April 29th marks the second Jane Austen Regency Ball at the Toledo Club — the passion project of Austen enthusiast Alana Ellyn. For those who dream of stepping back in time, Regency Ball strives to faithfully recreate the years in which Austen’s novels are set. Austen wrote only six novels, and yet those novels are some of the most popular and enduring in English literature. In every decade her stories have been adapted for stage and screen by a new crop of artists eager to have their chance to bring her novels to life.
With the resurging popularity of romantic period dramas, a wave of Regency-mania has found its place in pop culture. What is the Regency period? The historical/political time frame is 1811-1820. It was dubbed the Regency period because George, Prince of Wales, governed the country as Regent when his father, King George, was incapacitated by mental illness. In 1820, he ascended the throne as King George the IV until his death in 1820. George’s Regency was marked as a great time of social and cultural development due to his patronage of new movements in art, technology, and science.
The Jane Austen Regency Ball was conceived by Alana Ellyn whose enthusiasm brought together like-minded history buffs and made last year’s first annual ball a reality. Says Ellyn, “I think I got my love of history when I got my first Felicity doll from American Girl. She’s earlier than the Regency era, but the dolls came with a book that gave you the history of the time the doll was from. That really kickstarted my fascination with historic fashion and social history.” Ellyn grew up reading Austen’s books which she notes have a timeless appeal. “People really resonate with this time period, so if you are going to get people interested in going to a historical ball, this is a period with a huge fan base.”
The biggest difference at this year’s ball is the addition of a dance class in the afternoon for those who want to learn English country dancing. Ellyn assures people that the dancing is easy because it’s about formations. “It’s more walking in a circle and walking around your partner. It’s very simple and we have a caller whose job is to call out instructions,” she says. Ellyn contacted dance companies that specialize in historic preservation of music and dance through teaching and performance. “The musicians were harder to find. I contacted anyone with a Jane Austen society from Virginia to Missouri before finding Susie Lorand, a fiddler/violinist from Ann Arbor, pianist Debbie Jackson, and violinist Josh Burdick who are affiliated with the English Country Dance Society.”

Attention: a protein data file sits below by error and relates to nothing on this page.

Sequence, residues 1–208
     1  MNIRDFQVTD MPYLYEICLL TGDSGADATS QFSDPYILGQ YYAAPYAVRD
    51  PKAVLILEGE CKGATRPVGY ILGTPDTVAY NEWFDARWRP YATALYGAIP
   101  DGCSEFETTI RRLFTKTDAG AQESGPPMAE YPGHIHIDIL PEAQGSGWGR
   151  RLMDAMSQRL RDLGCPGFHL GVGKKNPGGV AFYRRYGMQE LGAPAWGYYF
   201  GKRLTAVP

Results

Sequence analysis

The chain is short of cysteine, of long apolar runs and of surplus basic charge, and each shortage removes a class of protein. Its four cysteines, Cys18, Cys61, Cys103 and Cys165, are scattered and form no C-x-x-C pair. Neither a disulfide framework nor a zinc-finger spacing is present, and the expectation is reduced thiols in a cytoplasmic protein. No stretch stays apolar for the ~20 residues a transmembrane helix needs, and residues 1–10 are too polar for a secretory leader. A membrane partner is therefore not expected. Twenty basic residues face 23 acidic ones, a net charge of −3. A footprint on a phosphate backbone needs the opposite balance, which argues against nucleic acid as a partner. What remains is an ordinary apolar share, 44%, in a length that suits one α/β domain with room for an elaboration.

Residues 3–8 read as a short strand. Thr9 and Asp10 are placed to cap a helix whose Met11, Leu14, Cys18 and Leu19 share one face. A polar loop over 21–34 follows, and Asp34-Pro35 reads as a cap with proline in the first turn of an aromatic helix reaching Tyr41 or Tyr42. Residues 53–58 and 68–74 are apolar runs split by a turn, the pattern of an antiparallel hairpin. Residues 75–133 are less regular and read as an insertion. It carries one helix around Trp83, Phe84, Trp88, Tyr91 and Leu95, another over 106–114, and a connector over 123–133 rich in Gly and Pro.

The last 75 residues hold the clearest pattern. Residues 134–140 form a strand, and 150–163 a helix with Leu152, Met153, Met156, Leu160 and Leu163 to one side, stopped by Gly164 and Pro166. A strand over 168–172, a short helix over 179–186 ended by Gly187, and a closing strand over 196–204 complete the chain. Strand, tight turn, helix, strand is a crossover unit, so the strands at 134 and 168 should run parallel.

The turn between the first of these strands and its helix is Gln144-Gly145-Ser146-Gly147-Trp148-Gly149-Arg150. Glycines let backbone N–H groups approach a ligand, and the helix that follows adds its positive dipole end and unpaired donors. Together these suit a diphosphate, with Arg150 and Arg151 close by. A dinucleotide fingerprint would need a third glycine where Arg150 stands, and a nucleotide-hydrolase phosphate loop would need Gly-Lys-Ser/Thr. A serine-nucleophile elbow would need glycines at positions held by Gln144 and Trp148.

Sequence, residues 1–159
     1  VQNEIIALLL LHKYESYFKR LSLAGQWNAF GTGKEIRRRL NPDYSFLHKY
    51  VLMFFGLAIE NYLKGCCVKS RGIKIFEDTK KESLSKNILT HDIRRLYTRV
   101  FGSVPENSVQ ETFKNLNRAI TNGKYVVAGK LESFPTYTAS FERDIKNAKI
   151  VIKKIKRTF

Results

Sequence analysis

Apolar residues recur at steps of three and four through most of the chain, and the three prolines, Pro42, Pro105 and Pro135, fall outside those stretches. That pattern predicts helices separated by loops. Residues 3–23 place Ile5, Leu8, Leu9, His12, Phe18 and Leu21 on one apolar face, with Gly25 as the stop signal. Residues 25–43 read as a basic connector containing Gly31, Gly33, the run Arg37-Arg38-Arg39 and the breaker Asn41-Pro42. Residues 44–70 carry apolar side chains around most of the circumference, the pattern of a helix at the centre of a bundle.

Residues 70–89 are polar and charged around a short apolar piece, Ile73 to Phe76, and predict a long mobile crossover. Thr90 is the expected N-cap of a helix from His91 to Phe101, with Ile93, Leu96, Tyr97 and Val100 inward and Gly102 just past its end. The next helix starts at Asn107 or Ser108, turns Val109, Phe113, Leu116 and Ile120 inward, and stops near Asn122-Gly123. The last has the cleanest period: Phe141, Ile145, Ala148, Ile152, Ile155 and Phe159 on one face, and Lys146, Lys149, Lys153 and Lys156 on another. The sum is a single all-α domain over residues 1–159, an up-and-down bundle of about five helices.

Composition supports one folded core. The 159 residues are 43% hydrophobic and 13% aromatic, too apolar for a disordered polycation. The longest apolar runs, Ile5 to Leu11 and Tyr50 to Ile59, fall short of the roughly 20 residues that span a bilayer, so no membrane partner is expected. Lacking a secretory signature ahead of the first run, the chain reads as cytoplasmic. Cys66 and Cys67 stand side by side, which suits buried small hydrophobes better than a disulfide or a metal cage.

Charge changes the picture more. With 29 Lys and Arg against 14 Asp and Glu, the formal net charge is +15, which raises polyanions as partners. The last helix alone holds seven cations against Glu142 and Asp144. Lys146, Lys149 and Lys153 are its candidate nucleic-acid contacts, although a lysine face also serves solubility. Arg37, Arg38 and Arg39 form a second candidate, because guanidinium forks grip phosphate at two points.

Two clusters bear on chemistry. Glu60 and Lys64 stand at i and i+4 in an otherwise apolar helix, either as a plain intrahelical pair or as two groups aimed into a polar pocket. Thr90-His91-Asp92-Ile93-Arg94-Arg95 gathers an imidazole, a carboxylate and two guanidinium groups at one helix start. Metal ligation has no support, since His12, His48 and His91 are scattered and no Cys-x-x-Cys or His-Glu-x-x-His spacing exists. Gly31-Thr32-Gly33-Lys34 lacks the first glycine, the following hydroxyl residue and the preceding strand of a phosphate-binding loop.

Attendees can dress in historical Regency era clothing or twenty-first century fancy dress. For those who love dressing in costume, the women’s fashions are simple and romantic. The emphasis here is on the high empire waist and bustline. Gowns are soft and relaxed as opposed to the wide hooped skirts and complicated undergarments found in other period costumes. Sites like Etsy have a plethora of Regency wear to purchase.
An evening at the Ball
Dinner starts at six o’clock at the Toledo Club — one of the most beautiful historical venues in the city. Attendees will be greeted by your host and two footmen in livery and powdered wigs who will seat you at a traditional long table. The dinner menu has been meticulously sourced by Ellyn from historic recipes and includes roast beef, whole salmon, potatoes, and orange savoy cake for dessert. After dinner guests will head downstairs for dancing with caller Tom Tumbusch helping lead the dance.There will also be a cash bar and traditional games of dice and whist (instructions provided) which is played with a standard deck of cards authentically recreated in nineteenth century design.
It’s details like these, so lovingly recreated, that make this a one-of-a-kind experience. “It’s the era that’s most associated with romance,” says Ellyn, “and it’s largely because of Jane Austen’s timeless books.” Who wouldn’t want to experience just a little of that romance in 2023?
The sold-out Second Annual Jane Austen Regency Ball is presented by the Ohio Historical Costume Society at the Toledo Club from 6pm-midnight on Saturday, April 29. 235 14th Street, Toledo.